Sir Cliff Richard's £1m BBC privacy action could establish anonymity pre-charge for those under police investigation

Cliff Richard. Picture: Shutterstock

Sir Cliff Richard’s threatened legal action against the BBC could establish a new legal precedent providing a right to secrecy before charge for those under investigation by the police.

The Mail on Sunday revealed yesterday that the singer is set to seek £1m from both the BBC and South Yorkshire Police over “misuse of private information”. He reportedly believes that journalists “unlawfully colluded” with police to reveal the fact he was under investigation.

After a BBC reporter discovered that Richard was under investigation South Yorkshire Police struck a deal with the broadcaster. The BBC agreed to sit on the story until a police raid on the singer’s home on 14 August 2014 which the BBC filmed.

Richard was told he would face no action last month.

Over the 22 months he was under suspicion an album release was put on hold and there was also said to have been an impact on his winery business.

Media lawyer Caroline Kean, from Wiggin, said the legal action from Richard reflects a wider trend whereby privacy lawyers are trying to secure anonymity pre-charge for those under suspicion of criminal offences.

She said: “Claimant lawyers are pushing this a lot at the moment. They are trying to establish as a point of law that the fact of an arrest is always private.

“That’s not currently the law. As a free speech lawyer I would strongly resist any law which said the fact of an arrest is always private. It is something I think we should stand up against.”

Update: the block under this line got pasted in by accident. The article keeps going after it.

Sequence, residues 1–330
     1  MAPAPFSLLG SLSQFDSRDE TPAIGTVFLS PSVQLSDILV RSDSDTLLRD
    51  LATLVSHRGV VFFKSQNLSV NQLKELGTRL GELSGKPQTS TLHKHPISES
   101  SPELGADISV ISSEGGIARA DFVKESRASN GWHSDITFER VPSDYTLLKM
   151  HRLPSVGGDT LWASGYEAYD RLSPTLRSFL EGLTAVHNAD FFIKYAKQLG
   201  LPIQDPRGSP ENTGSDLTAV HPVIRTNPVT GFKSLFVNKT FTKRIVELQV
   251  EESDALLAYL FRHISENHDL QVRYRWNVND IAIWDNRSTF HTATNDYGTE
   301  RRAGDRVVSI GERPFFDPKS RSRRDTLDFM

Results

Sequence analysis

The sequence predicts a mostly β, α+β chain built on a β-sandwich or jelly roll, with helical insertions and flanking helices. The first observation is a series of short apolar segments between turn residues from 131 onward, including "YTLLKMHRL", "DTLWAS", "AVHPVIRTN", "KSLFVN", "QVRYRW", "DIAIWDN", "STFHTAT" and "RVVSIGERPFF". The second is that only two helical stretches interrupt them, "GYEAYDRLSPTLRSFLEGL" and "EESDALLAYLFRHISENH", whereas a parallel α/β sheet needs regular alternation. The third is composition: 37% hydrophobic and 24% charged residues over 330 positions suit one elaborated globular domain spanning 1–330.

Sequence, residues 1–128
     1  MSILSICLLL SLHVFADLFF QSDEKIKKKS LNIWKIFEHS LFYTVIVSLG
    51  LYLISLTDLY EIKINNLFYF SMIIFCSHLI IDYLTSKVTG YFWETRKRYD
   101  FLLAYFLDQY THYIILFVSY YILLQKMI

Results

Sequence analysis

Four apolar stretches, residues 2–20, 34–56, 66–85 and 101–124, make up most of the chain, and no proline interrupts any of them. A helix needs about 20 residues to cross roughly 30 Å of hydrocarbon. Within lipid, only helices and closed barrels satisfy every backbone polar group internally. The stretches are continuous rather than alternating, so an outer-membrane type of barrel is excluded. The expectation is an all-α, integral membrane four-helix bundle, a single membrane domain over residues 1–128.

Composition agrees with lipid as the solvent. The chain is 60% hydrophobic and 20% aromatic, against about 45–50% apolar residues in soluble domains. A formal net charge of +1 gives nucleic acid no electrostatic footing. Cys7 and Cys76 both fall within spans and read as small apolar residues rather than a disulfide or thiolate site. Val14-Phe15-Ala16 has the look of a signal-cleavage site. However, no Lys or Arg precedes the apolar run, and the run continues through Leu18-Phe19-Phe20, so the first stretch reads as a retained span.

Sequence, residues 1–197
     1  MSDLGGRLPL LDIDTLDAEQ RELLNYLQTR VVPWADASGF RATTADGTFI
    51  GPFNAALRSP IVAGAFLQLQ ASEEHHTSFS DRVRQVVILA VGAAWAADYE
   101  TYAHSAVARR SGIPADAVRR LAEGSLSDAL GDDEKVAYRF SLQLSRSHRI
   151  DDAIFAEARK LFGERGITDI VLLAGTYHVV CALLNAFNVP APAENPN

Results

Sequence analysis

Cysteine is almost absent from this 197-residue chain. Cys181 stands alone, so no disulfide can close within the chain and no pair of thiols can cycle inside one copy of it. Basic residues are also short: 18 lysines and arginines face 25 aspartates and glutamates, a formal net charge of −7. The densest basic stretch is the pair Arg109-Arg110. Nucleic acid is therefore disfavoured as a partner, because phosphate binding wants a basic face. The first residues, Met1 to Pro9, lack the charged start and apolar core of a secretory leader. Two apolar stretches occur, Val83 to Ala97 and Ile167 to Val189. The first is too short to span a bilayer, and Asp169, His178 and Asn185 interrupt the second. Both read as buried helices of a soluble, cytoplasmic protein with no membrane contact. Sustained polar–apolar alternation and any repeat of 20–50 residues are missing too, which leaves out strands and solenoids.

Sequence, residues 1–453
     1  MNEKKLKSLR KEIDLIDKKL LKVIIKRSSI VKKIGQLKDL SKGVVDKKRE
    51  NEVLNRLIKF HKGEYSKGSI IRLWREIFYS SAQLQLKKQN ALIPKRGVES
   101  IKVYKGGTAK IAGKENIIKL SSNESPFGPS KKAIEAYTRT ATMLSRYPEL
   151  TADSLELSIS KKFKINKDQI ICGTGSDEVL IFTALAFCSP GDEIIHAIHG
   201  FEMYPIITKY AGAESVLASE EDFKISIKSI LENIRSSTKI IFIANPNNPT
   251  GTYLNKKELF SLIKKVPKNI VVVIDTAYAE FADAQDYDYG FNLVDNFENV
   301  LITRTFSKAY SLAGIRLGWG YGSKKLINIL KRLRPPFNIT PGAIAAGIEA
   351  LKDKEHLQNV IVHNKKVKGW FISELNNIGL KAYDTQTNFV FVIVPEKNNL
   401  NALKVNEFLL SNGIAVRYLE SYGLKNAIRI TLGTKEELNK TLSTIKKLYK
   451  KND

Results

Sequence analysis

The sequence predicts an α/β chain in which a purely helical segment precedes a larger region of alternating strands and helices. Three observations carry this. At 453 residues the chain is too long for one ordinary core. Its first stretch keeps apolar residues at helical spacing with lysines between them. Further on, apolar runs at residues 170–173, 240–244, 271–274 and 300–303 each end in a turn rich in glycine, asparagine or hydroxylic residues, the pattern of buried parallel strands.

Executive director of the Society of Editors Bob Satchwell said: “The public has a right to know what is being done in their name and with their money. Perhaps the biggest problem here is the way the police handled this issue and the time they took to resolve it.”

Richard was not arrested or charged, but a file was passed to the Crown Prosecution Service. The CPS decided to drop the case last month.

Speaking at a law conference in London last month BBC lawyer Nicola Cain said: “I don’t think there is privacy in the fact of an arrest.”

She said: “People don’t just disappear off the streets in this country. If people are being arrested and detained and locked up in police cells it’s important for the media to be able to report on that.

“People do understand that people are innocent until proven guilty.”

 

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